Answer Writing Practice for UPSC IAS & UPPSC Mains Exam: Paper - IV (General Studies – III) - 10 October 2019

Answer Writing Practice for UPSC IAS Mains Exam


Answer Writing Practice for UPSC IAS & UPPSC Mains Exam


UPSC Syllabus:

  • Paper-IV: General Studies -III (Technology, Economic Development, Bio-diversity, Environment, Security and Disaster Management)

Q. What are E-Cigarettes? Critically examine Governments’ initiative to ban E-cigarettes in India. (250 words)

Model Answer:

  • Why in News?
  • Introduction: What is e-cigarette?
  • Positive impact of banning E-Cigarettes
  • Negative consequences of banning E-Cigarettes
  • Conclusion

Why in News?

Following the recommendations of a Group of Ministers (GoM) the Union Finance Minister announced to ban the consumption, production, manufacturing, import, export, transport, sale, distribution, storage and advertisement of e-cigarettes.

Introduction: What is e-cigarette?

E-cigarettes are the most common form of Electronic Nicotine Delivery Systems (ENDS). It is a battery-operated device that vaporizes a solution and do not burn or use tobacco leaves. The vapour which is made by the device is then inhaled by the user.

The main constituents of the solution, in addition to nicotine when nicotine is present, are propylene glycol, with or without glycerol and flavouring agents. It also contains some solutions that are considered to be "toxicants".

In terms of shape and size, most e-cigarettes resemble ordinary cigarettes, cigars and smoking pipes, but of late brands have started experimenting with newer designs that may resemble whistles, pens etc. E-cigarettes are known by many different names. They are often called e-cigs, e-hookahs, vapes, vape pens, tank systems, or mods.

Positive impact of banning E-Cigarettes:

Initially, e-cigarettes emerged as a safer alternative to traditional smoking. Later questions were raised over the addictive nature and health-related risks involved in smoking tobacco.

  • The use of e-cigarettes has increased exponentially, especially among youth and children.
  • E-cigarettes sometimes contain nicotine solution, which is highly addictive as well as contain other ingredients including flavouring agents and vaporisers that are injurious to health.
  • Apart from nicotine, e-cigarettes may also be used for delivery of other psychoactive substances.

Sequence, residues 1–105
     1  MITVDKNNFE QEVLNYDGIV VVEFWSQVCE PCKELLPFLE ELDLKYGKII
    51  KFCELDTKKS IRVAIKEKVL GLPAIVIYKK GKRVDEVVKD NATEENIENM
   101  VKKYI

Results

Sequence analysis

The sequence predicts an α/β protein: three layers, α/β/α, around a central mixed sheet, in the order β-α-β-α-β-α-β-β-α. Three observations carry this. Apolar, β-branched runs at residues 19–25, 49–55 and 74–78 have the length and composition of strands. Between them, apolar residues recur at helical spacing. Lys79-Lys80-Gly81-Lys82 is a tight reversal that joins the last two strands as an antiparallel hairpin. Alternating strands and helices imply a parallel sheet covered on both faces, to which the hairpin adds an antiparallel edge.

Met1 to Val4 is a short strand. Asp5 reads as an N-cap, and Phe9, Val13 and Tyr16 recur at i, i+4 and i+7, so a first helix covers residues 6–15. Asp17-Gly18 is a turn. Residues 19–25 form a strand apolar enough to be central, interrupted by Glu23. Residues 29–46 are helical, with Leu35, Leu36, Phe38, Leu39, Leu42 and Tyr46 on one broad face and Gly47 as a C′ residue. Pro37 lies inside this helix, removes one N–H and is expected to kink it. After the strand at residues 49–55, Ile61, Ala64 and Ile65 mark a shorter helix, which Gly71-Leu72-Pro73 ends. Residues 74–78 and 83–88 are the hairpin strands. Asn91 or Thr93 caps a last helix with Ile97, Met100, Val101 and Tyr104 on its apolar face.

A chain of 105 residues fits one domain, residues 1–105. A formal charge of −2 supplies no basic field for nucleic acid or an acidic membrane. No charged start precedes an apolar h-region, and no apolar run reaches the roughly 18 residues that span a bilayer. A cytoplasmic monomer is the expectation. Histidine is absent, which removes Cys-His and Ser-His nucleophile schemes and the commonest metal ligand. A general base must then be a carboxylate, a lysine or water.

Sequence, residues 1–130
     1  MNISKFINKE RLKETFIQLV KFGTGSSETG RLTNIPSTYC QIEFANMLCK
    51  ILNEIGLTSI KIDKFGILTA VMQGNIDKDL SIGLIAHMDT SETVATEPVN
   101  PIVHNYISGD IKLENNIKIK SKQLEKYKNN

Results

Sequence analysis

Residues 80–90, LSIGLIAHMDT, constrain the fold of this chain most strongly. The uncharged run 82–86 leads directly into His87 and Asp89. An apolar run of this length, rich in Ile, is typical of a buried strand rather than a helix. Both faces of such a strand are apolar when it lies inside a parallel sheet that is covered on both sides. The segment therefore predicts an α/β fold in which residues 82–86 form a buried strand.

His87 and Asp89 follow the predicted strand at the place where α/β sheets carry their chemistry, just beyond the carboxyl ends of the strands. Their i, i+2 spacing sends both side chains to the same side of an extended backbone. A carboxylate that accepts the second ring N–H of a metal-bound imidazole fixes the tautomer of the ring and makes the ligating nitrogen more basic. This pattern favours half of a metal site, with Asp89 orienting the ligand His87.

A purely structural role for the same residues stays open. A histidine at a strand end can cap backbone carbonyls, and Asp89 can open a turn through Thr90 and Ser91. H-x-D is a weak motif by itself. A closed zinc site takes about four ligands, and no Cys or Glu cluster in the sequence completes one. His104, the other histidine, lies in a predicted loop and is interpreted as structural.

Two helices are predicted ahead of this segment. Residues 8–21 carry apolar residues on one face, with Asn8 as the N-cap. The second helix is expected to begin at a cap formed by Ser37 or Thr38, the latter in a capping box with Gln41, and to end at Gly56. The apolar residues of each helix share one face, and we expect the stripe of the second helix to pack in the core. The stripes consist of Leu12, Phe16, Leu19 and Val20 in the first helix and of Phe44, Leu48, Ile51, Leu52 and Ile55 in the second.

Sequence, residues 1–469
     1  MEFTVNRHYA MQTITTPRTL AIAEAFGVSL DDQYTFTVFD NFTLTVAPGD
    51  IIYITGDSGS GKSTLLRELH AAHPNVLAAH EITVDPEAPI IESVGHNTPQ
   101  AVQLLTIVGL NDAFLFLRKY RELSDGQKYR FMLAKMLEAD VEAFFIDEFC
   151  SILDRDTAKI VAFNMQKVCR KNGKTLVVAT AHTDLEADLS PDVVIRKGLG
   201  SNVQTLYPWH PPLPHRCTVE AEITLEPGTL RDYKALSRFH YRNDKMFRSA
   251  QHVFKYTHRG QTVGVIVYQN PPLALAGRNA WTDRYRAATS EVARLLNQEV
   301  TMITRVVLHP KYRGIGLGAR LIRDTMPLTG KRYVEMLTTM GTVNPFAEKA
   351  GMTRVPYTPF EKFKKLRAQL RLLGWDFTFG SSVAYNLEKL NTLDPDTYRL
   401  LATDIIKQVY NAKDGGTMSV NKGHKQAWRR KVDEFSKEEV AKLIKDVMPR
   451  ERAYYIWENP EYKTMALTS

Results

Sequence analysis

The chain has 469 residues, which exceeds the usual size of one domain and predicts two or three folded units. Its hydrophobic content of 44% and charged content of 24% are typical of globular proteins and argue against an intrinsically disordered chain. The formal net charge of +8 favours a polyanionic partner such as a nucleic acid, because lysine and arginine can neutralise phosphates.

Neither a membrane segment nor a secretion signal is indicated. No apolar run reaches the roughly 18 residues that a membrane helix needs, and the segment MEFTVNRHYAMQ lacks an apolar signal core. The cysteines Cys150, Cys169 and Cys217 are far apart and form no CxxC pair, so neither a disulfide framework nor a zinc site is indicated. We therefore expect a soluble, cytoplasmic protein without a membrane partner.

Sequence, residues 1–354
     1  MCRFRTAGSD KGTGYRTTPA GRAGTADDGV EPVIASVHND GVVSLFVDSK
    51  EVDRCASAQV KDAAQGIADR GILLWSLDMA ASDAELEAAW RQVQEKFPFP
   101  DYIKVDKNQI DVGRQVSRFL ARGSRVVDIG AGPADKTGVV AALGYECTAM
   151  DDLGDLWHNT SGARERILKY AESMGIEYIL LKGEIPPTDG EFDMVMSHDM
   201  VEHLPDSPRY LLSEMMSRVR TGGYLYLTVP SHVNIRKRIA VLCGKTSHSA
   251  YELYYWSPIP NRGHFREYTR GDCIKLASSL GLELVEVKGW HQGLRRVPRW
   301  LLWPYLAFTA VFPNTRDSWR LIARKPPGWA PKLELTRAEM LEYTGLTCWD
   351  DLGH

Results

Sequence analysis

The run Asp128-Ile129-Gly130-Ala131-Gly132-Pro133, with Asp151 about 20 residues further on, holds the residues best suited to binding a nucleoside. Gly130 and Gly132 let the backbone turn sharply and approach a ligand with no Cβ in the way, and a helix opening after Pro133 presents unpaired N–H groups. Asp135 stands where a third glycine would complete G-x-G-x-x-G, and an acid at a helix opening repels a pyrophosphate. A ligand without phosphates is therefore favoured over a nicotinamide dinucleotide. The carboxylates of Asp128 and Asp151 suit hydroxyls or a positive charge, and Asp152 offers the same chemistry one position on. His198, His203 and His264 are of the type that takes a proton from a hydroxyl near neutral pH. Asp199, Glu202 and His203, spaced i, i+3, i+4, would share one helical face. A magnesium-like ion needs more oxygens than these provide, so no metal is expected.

• The disease burden due to tobacco poses enormous and inequitable economic loss to society and also presents a formidable challenge to the country’s health care systems.
  • The Indian Council of Medical Research (ICMR) had cautioned against the growing use of e-cigarettes citing studies which noted that use of e-cigarettes could have adverse effects on humans, which include DNA damage, carcinogenic, cellular, molecular and immunological toxicity, respiratory, cardiovascular and neurological disorders, and adverse impact on fetal development and pregnancy.
  • Article 47 of the Indian Constitution states that the state should raise the level of nutrition and the standard of living and to improve public health. This provision of the Constitution supports the ban of e-cigarettes.

Negative consequences of banning E-Cigarettes:

  • The ban in India is deeply controversial as the government has not banned cigarettes and chewable tobacco, which are directly linked to causing cancer, heart ailments and strokes.
  • The government’s crackdown on e-cigarettes seems counter-intuitive, especially when its approach to limit the use of tobacco is greater regulation, not a complete clampdown.
  • India is also the world's third-largest producer of tobacco, the WHO says, and tobacco farmers are an important vote bank for political parties.
  • The government continues to own about 28% stake in ITC, a company which accounts for nearly 85% of the cigarette market in India.
  • The success of the ban in India is very less as people indulge in various underground activities and black marketeering and acquire the products banned by the Government.

Conclusion:

The vapour produced by e-cigarettes does not contain the estimated 7,000 chemicals present in tobacco smoke but it does contain a number of substances that could potentially be harmful. They have been pushed by producers, and also by some governments, including in Europe, as a safer alternative to cigarette smoking – and as a way to kick the habit. However, smoking in itself is harmful to our health and should be curtailed slowly through various corrective steps by the government.

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